Newspaper article The Florida Times Union

Becoming Bearable Pooh Bear' Sheds Pounds, Bad Attitude

Newspaper article The Florida Times Union

Becoming Bearable Pooh Bear' Sheds Pounds, Bad Attitude

Article excerpt

He knows what's bad and what's good, and that's the difference

between then and now for the guy they call "Pooh Bear."

McDonald's. Taco Bell. Burger King. Very, very bad.

What's good? These numbers -- 40-30-30.

And these:

Breakfast, lunch, dinner: Carbohydrates, 36 grams; protein, 28

grams.

Snack: Carbs, 18; protein, 14.

"Those are good numbers for me," Clarence Williams said, smile

on his face. "Very, very good."

The guy Williams calls the new "Pooh Bear" is slimmer, stronger

and mostly, more mature, which the former Florida State

University fullback said he hopes NFL scouts realize as the

April 18-19 draft approaches.

The guy who ballooned to 345 pounds and could see 400 coming

-- and his health and life deteriorating?

The new Pooh Bear said that guy doesn't exist.

"Not anymore," he said.

Which has given what once seemed lost -- his dream of playing

in the NFL -- new hope. Williams, the Times-Union's 1992 Super 24

Player of the Year playing for Crescent City High School, played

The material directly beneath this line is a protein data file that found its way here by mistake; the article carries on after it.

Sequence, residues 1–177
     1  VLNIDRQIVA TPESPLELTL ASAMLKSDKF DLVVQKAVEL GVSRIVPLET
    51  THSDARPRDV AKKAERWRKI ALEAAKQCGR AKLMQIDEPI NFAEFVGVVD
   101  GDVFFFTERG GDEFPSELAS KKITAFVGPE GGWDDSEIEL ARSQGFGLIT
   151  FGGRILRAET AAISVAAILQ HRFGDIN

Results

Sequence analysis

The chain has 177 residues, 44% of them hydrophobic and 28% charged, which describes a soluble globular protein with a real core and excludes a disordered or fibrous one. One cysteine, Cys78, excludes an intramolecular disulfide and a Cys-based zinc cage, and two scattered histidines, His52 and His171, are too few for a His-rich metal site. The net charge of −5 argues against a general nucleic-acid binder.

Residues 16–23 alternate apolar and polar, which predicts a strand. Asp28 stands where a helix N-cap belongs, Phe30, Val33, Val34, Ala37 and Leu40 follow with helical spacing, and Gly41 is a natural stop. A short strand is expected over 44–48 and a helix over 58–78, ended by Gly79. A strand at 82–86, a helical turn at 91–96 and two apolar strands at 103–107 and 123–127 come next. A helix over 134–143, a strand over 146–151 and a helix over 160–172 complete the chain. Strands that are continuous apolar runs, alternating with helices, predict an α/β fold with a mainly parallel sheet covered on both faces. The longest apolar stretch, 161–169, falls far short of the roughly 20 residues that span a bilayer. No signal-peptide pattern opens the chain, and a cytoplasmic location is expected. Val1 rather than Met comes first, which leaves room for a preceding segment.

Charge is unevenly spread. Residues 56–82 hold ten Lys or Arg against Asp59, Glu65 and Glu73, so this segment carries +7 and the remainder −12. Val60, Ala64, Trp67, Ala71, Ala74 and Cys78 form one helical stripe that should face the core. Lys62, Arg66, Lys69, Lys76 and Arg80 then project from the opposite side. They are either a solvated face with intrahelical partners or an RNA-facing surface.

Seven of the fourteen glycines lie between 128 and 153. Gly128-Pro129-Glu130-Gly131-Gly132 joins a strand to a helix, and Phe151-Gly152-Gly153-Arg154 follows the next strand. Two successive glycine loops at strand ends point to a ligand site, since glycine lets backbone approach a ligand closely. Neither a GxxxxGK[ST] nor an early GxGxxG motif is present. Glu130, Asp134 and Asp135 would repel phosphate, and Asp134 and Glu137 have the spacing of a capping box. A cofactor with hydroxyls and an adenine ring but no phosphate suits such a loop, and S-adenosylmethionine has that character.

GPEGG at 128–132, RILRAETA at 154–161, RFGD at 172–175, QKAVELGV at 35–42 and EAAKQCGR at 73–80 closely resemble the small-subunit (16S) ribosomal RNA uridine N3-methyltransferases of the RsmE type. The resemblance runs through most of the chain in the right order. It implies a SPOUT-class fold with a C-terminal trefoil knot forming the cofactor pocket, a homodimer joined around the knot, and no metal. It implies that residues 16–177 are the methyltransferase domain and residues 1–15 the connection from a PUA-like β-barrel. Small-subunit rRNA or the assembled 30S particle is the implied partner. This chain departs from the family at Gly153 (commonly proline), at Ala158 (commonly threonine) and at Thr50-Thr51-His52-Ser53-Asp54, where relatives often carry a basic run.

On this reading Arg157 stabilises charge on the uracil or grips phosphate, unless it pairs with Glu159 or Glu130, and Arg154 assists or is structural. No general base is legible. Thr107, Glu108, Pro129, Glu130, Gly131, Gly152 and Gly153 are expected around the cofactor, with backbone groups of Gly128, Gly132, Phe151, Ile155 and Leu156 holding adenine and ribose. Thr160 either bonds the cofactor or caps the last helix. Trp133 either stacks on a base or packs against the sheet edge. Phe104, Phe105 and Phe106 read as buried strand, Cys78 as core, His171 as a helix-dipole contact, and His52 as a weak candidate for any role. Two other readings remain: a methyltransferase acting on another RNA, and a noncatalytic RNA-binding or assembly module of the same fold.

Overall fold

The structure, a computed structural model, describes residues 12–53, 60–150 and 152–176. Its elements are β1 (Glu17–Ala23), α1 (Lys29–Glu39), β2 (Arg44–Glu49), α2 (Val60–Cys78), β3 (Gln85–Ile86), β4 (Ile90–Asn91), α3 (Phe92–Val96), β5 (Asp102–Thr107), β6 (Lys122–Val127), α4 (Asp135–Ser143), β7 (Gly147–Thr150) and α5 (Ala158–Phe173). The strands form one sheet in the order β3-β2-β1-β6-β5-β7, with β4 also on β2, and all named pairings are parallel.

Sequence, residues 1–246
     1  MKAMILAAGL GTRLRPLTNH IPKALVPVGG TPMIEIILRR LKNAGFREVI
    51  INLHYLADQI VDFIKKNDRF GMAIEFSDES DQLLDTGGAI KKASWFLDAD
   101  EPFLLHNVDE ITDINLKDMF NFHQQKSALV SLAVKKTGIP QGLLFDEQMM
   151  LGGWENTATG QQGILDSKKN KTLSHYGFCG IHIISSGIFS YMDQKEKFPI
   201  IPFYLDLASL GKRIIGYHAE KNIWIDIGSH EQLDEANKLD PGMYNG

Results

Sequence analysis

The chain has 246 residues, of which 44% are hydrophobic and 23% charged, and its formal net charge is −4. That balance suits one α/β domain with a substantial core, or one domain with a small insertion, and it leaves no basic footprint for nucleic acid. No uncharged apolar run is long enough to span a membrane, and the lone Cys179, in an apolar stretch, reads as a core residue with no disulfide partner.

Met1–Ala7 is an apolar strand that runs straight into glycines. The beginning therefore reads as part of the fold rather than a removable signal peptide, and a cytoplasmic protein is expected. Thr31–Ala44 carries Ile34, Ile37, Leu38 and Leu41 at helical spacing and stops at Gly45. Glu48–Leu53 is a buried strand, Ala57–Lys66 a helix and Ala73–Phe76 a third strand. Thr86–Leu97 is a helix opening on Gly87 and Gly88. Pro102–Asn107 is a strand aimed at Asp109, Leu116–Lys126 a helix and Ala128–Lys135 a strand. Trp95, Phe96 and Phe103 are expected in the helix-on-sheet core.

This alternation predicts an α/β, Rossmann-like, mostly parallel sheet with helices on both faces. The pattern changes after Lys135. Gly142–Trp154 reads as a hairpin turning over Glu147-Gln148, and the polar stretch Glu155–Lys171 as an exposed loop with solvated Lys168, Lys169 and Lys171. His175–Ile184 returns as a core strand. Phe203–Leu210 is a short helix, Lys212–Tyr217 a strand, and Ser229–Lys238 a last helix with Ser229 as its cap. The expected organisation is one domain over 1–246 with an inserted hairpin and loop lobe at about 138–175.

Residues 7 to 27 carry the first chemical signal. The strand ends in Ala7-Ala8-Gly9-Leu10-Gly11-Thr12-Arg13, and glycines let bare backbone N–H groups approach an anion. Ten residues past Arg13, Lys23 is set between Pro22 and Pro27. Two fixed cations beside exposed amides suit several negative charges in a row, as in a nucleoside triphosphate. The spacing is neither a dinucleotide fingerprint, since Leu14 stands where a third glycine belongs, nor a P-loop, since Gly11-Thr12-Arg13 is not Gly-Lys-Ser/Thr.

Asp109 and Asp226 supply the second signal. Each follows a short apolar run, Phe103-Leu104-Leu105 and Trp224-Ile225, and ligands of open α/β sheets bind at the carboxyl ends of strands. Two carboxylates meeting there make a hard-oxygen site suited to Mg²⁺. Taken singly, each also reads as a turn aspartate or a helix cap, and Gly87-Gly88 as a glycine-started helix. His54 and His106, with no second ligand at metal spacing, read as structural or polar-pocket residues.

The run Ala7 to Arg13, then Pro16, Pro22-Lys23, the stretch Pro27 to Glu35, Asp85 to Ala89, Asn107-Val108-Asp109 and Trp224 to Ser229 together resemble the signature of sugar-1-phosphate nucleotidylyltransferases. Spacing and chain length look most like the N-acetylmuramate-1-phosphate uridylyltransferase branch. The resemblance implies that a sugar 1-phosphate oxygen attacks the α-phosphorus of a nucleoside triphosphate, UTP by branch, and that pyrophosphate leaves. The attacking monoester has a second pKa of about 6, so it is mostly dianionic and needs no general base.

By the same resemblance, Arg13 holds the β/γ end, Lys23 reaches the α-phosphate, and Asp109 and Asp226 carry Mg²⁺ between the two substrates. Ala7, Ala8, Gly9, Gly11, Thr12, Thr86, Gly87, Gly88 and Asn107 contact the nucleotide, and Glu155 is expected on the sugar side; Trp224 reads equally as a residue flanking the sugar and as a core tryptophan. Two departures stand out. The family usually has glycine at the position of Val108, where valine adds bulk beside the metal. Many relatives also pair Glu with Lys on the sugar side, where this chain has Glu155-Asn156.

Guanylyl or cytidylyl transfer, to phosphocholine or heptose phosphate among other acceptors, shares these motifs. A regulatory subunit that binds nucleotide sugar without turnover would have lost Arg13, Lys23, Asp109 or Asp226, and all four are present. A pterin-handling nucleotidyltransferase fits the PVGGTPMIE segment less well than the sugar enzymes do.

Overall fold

three seasons for FSU, never fulfilled expectations, then left

before last season for "personal reasons." One reason, a source

told the Times-Union, was he didn't like his positions coach,

Billy Sexton, but another was his weight.

Williams, who weighed 245-to-250 pounds when he arrived at FSU,

gained weight each season, and weighed 327 when he left in the

summer of 1997. By October, he weighed 345.

"I started thinking about my son [Clarence Jr., also "Pooh

Bear"] and how I wanted to see him grow up," Williams said.

"It's very unhealthy. At the rate I was putting on, I would have

been 400 pounds in a year.

"I knew I had to do something."

He moved to Orlando to work with LGE Sports, a fitness

specialist. The idea was to get in shape -- not only for his

health and son, but because the best way to care for the

littlest Pooh Bear was the NFL. There, trainer Pat Etcheberry

put Williams on the 40-30-30 diet, and it was at LGE that

Williams said he first learned proper eating. Mostly, he got

serious about it.

No more McDonald's. No more Taco Bell.

"I don't miss it -- not a bit," he said, laughing.

"At first, he was kind of slow," Etcheberry said. "I said,

`What are your goals?' He said, `Care for my family.' I said,

`OK, if that's what's important, let's get to work.'"

Etcheberry said Williams was so out of shape at first, he

couldn't work out properly. He started Williams slow, doing far

less running and lifting than with athletes already fit. Then,

he accelerated.

"One day, he made a comment, `I think you're trying to run me

off,'" Etcheberry said. "I told him, `I'm not here to run a

babysitting service.' We worked him, and he responded. …

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